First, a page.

Featured Past Articles

What is insecticide resistance modelling and who uses it? One of the most common questions asked of insecticide resistance researchers is “How long will it take for insecticide resistance to occur?”


One way to answer this questions is to look at past events and identify trends that may repeat. This can be informative, but limited to general trends. For example in the crop protection market, it is often predicted that a pest insect that feeds on diverse hosts and is treated with multiple insecticides is much more likely to develop resistance than an insect pest found on a single host plant and has limited exposure to insecticides. These kinds of basic predictions or trends are regularly used by researchers and insecticide manufacturers to prioritise their resistance management activities, focusing on where the risks of resistance development are highest or have most economic or social impact. Predicting resistance development with more accuracy and reliability beyond these trends becomes considerably more difficult.

The National Agricultural Export Development Board (NAEB) in collaboration with IDH project, flagged off the first reefer container shipment of avocados by sea. IDH, The Sustainable Trade Initiative, is an organisation (Foundation) that works with businesses, financiers, governments and civil society to realise sustainable trade in global value chains and facilitates private sector access to international markets. The shipment alternative, diverting from airfreight to sea freight seeks a long-term business partnership with international buyers.

Across the floriculture industry, retailers are facing a quality challenge, with exciting opportunities in its wake. With the flower market growing rapidly, flower sellers will flourish with stable supply chains and dependable quality levels; however, today’s retailers, from independent family stores to national supermarket chains, too often receive flowers of inconsistent quality: regularly, batches are unacceptable, with a short vase life, damaged stems, and flowers that are not worth selling due to poor quality on arrival. This leads to unhappy customers and loss of reputation and revenues. Alongside broader industry concerns, like reduced air freight capacity, this problem can significantly limit growth. So where’s the opportunity? It’s right here, and it centers on implementing data-driven quality standards throughout the flower supply chain.

The baptism of Rosa Loves Me Paula’s Champagne Delight

Paula Koross and Rosa Baptizing of Rosa Loves Me Paula’s Champagne Delight with Inger Kristine on the right.

"A productive, healthy, fragrant rose with the right length and a vase life of more than two weeks.” The rose in question is Rosa Loves Me Paula’s Champagne Delight’ of Viking Roses, a new rose that has been baptized at the IFTF in Vijfhuizen, the Netherlands, earlier this month. The rose is named after Paula Koross, General Manager at Molo River Roses in Kenya.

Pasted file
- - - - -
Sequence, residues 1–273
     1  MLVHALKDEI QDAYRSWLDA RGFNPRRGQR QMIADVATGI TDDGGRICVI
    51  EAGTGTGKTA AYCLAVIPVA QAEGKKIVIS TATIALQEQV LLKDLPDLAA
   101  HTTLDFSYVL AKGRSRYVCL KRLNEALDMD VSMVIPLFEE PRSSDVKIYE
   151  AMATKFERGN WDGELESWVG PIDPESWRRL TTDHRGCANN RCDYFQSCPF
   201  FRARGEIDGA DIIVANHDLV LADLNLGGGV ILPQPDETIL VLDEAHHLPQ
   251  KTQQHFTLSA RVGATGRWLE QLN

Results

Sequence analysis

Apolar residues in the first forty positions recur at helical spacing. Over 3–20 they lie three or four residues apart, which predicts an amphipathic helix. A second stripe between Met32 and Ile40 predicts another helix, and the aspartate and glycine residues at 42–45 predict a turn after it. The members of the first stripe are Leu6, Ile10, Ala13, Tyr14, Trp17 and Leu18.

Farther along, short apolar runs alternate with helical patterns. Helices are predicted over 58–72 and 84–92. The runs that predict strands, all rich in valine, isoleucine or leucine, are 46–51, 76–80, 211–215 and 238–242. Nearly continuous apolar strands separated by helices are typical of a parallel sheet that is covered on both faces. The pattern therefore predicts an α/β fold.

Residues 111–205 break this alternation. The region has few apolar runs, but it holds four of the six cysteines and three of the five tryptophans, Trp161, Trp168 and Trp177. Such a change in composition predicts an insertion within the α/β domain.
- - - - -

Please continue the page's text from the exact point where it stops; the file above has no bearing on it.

Augusto Solano, President of Union Fleurs

Double-digit inflation and skyrocketing energy prices and rations are threatening Europe’s production of flowers, including chrysanthemums, which are grown in greenhouses with heat and lights.

With double-digit inflation and crippling energy costs and rations throughout Europe due to the conflict in Ukraine, flower producers are switching crops, reducing production or shutting down, putting into question the future availability of crops grown there using heat and lights.

Nitrogen is essential to support the development of healthy crops. On average, plant tissues exposed above ground contain around 3-4% nitrogen, which is a significantly higher concentration than levels of other nutrients.

Carbon, oxygen, and hydrogen are present in higher concentrations; however, these elements do not usually influence soil fertility management programs. The reason that nitrogen is so important to crop growth is that it helps form chlorophyll, the substance that supports the process of photosynthesis. Also, it helps form essential amino acids that have many important roles in the growth of plants, such as providing the structural units or acting as enzymes. In addition, nitrogen is also a vital component of ATP which allows cells to conserve energy, as well as a vital component of nucleic acids such as DNA. Therefore, nitrogen content in soil is fundamentally important for ensuring the growth of healthy crops. However, not all crops need the same amount, and providing enough nitrogen is also just as important as ensuring nitrogen concentrations in soil are not superfluous.

One in five growers say they’re thinking of just leaving their greenhouse completely empty this winter, according to a survey conducted by the Dutch sector organisations Glastuinbouw Nederland and Plantum. Skipping a crop or starting later obviously has serious financial consequences. What many growers don’t realise, however, is that ‘just’ switching off their systems can also have consequences. Next time the pumps, pipes and drippers are put to work, there’s a risk that they could malfunction. A few tips can help to prevent an extra financial damper due to unexpected repair costs.